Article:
A golfer takes a swing at a golf ball. Fortunately it’s a good shot, and the ball heads for the cup. Unfortunately, a squirrel, rather dangerously positioned near the cup, kicks the ball away, thus decreasing the ball’s chance of landing in the cup. Fortunately, the ball then hits the branch of a nearby tree and is deflected into the cup.

“Question: was the squirrel’s kick a cause of the hole-in-one?” asks Australian National University philosopher Helen Beebee. “According to some philosophers’ intuitions, the answer is yes. According to others, the answer is no: the ball went in despite the kick. According to a third view, the kick was a cause of the hole-in-one and the hole-in-one occurred despite the kick.” Who’s right?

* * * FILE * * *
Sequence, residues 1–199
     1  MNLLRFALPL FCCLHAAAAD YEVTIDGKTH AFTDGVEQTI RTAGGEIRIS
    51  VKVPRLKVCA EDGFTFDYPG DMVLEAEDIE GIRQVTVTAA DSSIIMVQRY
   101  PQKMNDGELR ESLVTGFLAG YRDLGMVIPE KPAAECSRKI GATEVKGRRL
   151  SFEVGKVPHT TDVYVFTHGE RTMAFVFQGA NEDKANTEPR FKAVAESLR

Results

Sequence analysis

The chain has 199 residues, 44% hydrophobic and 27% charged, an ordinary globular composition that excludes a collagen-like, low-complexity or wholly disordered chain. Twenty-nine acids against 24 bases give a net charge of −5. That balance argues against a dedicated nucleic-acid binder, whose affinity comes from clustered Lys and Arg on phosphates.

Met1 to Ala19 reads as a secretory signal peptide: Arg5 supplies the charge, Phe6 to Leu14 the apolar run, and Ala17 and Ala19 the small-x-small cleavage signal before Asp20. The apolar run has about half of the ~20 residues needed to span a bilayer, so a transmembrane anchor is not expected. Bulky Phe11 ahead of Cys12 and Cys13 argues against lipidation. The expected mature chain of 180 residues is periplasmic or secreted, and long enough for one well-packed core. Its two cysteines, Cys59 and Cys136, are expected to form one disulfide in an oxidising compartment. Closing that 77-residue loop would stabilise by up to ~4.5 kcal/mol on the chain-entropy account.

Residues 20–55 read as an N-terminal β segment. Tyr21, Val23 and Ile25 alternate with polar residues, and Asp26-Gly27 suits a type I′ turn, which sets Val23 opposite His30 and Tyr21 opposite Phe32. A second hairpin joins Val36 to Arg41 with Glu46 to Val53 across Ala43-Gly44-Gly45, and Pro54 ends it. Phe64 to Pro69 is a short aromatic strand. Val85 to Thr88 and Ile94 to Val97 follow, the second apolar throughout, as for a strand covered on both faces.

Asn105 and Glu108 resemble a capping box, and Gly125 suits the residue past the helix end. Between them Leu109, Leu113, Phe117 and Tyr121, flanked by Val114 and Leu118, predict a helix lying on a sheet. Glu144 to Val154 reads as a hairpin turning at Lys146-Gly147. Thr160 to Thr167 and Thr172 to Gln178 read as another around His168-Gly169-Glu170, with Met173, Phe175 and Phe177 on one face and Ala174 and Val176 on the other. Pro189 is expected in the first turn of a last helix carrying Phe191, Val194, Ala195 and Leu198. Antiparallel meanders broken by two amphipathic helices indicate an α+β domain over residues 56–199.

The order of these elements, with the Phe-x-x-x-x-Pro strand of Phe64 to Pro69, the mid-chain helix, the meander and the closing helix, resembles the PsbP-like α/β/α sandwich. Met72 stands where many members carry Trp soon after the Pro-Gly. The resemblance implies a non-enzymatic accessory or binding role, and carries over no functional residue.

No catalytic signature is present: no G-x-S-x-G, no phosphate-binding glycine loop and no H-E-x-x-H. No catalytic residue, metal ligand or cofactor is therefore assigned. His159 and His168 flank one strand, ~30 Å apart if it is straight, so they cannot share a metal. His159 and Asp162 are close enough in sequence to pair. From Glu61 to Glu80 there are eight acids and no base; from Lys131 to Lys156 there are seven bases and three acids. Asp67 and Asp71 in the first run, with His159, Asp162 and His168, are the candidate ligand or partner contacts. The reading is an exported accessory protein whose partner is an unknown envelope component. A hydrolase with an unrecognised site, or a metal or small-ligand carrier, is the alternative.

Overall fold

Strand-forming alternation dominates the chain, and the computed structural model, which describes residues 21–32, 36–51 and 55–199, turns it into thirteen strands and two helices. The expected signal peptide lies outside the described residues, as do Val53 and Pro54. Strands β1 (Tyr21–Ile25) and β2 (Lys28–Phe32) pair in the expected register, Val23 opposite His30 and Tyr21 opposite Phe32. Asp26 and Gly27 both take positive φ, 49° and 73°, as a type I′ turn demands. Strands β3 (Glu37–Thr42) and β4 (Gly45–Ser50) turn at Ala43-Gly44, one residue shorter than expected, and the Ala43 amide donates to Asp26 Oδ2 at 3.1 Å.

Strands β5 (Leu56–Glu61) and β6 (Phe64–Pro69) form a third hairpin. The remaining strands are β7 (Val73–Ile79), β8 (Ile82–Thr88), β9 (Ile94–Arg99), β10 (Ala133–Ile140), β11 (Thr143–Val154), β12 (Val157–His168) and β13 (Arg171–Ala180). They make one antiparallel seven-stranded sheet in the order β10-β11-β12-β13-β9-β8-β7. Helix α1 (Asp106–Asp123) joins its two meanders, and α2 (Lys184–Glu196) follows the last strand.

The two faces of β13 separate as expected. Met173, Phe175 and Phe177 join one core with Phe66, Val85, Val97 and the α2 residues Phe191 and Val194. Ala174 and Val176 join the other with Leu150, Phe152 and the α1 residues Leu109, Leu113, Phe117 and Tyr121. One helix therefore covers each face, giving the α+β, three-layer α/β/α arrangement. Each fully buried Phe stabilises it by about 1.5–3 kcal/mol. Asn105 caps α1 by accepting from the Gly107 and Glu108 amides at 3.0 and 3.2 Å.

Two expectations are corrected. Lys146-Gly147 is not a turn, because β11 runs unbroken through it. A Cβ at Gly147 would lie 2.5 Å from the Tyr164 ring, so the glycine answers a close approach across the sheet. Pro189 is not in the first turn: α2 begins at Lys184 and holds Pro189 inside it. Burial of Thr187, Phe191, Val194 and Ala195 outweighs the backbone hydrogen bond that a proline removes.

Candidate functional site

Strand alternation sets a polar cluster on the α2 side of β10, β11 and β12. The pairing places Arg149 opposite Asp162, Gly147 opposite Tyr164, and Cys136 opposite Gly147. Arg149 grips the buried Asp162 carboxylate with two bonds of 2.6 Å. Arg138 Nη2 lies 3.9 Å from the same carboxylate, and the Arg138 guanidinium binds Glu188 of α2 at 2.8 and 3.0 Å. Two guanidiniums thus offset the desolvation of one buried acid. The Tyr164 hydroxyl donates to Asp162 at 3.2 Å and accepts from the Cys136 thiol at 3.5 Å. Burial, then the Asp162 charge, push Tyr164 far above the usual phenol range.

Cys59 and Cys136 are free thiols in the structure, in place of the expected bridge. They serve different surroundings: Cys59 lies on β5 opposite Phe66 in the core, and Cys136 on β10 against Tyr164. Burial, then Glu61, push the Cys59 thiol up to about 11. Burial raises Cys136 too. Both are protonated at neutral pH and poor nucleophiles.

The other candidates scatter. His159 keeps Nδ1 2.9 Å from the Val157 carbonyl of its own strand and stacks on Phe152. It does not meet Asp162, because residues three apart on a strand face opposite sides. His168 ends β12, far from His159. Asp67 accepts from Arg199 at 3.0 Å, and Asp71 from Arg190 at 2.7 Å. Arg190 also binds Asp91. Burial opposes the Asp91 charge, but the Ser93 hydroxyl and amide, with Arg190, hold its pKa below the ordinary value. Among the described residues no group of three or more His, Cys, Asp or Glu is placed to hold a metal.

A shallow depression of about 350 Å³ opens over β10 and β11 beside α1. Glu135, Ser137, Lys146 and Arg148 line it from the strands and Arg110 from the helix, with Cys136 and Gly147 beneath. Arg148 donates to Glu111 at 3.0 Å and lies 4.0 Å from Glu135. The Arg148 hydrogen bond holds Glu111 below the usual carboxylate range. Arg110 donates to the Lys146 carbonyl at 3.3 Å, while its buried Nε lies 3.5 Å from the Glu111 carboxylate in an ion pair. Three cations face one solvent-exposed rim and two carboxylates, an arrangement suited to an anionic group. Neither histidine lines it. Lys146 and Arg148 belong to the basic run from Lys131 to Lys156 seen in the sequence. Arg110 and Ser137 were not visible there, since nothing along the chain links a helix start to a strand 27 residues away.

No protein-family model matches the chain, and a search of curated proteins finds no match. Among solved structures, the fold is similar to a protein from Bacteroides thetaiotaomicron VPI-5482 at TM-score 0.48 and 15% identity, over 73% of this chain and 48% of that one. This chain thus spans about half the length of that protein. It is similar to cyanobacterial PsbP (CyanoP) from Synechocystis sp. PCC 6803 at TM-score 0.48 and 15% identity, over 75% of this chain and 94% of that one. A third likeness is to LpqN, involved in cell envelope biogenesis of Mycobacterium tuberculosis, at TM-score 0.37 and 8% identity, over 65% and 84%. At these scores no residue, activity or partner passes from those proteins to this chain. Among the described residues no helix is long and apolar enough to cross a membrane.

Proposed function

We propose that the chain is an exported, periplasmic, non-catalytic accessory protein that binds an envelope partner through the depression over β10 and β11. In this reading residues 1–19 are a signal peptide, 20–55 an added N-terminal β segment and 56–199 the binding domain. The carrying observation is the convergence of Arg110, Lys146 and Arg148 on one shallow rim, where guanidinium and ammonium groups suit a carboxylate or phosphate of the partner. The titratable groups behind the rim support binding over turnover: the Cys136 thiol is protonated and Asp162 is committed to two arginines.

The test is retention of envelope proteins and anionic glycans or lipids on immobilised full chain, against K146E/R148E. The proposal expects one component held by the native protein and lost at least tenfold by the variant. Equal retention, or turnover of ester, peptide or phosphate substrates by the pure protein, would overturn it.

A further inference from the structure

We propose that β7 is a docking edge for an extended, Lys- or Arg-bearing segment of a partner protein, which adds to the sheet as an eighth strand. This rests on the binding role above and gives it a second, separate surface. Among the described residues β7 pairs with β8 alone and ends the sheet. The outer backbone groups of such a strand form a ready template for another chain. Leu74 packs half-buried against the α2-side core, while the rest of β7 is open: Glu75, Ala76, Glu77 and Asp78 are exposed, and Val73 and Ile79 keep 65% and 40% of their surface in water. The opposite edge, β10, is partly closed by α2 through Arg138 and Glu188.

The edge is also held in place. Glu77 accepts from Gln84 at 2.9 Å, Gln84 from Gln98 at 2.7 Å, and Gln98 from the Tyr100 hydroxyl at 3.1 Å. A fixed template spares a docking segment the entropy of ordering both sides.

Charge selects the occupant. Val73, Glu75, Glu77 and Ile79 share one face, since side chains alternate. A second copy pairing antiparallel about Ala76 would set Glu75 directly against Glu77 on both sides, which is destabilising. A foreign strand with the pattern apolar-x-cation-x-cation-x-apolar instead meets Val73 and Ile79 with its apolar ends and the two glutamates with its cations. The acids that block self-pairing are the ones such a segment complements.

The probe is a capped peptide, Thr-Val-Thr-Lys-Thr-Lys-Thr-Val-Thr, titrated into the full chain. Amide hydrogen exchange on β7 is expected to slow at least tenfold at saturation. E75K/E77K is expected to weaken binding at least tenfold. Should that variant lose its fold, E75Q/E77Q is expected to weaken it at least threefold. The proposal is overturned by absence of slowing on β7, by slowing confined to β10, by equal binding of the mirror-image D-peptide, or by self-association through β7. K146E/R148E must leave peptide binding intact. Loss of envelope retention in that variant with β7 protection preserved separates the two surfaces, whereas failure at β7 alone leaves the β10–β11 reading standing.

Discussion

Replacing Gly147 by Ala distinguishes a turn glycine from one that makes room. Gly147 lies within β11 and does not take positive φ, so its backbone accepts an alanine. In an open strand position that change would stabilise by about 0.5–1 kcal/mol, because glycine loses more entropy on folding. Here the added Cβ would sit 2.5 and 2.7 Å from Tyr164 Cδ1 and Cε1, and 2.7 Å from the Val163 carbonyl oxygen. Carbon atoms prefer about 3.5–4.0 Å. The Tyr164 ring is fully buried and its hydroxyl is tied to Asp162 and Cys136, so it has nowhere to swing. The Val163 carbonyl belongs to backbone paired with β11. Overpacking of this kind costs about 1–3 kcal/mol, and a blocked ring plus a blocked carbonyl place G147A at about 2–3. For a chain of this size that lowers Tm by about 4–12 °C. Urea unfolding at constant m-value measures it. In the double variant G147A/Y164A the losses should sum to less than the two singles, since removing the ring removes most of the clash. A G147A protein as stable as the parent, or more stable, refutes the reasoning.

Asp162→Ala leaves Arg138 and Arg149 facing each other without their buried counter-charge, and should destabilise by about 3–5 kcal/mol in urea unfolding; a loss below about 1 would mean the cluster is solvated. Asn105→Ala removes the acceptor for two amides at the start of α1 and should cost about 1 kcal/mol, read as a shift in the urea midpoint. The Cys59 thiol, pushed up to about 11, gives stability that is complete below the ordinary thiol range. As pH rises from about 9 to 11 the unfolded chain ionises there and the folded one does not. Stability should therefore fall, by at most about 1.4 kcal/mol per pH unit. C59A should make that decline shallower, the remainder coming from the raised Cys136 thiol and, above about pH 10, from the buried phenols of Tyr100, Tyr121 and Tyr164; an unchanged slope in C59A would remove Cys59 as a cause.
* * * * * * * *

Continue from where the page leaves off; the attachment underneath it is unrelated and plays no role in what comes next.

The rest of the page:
(Helen Beebee, “Do Causes Raise the Chances of Effects?”, Analysis 58:3 [July 1998], 182-190. The original example is due to Deborah A. Rosen.)